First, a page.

So what happens outside of the ruins? Well, you get to talk to your new classmates and faculty members. Say the right things and they might get a better impression of you. And you are given a wide array of possibilities when talking. You have 9 “emotions” that you can respond with on a sort of compass. If you choose nothing, then you will remain silent. Holding a direction longer gives a “stronger” response of the same emotion. For example, left is somber to grief, up is joy to love, right is amity to hot, and down is cold to anger. Yes I wrote these out because they are bloody hard to read on the compass thingy. During your breaks during class, you can explore the school and chat with people and investigate the rooms and areas around campus. If there is someone in the location you visit, you can both chat with them and investigate, no one or the other. Investigating usually turns up some rudimentary items, like chalkboard erasers, pens, or folding chairs. Other items, like detergent or cleaner, can be found at the pool, and may be combined to make other items. This also works for making food through synthesis of items.
So, because this is an older game recently ported over to NA, I can say for certain that it isn’t exactly the prettiest thing going. Is it bad? Definitely not. Could it look better? Yes, if it were to get a remastering, but honestly, it has its own charm as it is. Everything in the ruins is easily enough discernible, and the character portraits used while talking have a wide variety of poses and emotions to display dialogue interactions. The cast is also fairly large and unique, which provides for some interesting conversations with some of the quirkier characters. The music is also pretty decent for a PS2 port title, and is generally quite fitting for the scene or area of the ruins you’re exploring. It really feels like instalments of an Indiana Jones series, especially when they used the same font from the movies for the chapter intermission font? MMMMMMM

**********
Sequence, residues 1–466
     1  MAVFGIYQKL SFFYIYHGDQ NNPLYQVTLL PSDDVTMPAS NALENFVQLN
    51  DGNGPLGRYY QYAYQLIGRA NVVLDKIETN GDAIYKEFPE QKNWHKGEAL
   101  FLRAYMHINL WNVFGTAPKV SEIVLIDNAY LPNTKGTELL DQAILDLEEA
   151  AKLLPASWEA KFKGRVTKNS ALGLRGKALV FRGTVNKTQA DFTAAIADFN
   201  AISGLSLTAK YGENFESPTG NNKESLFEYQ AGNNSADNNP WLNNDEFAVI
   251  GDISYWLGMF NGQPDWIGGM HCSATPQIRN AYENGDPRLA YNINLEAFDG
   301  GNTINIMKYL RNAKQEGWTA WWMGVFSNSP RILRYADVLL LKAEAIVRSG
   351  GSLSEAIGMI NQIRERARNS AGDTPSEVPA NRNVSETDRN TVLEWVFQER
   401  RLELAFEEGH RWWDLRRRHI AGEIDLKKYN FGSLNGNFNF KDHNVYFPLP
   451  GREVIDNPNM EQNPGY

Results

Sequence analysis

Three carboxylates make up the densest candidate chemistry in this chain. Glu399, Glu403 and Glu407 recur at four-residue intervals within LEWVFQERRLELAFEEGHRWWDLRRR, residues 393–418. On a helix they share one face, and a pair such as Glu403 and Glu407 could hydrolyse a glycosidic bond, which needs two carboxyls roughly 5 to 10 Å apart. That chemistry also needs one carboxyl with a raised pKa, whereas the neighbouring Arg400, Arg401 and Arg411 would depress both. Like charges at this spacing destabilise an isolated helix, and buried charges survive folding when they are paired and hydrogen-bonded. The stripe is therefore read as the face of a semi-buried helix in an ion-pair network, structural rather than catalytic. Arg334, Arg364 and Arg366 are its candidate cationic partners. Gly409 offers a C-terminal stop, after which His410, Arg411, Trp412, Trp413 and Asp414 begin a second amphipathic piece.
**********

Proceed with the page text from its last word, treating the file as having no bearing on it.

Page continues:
I’ll be perfectly honest, despite how much I really enjoyed this title, it isn’t without its flaws. The emotion wheel thing isn’t explained before you first have to interact with it, and some of the time, I wasn’t certain whether the emotion I was responding with was in regards to the character or what was being said. For instance, if someone said something depressing, and I reply with “Grief”, it could be hard to tell whether my response was “I don’t approve of your statement” or “I feel sad about what you said”. After awhile you can sort of tell how a response will roll out, but the first few times are tricky. There is a lot that needs better explanation in general. While a lot is handily added to your digital notebook, there were still some aspects where I was really confused for awhile. The game is also a little clunky, and it feels a little awkward switching between combat and investigation while trying to solve puzzles, and the minimap shrinks when entering combat mode, meaning it can get really hard to see enemy icons if you aren’t playing on a TV. The amount of grenades you need also feels a little excessive, and they start getting real pricey for anything worthwhile for the most part.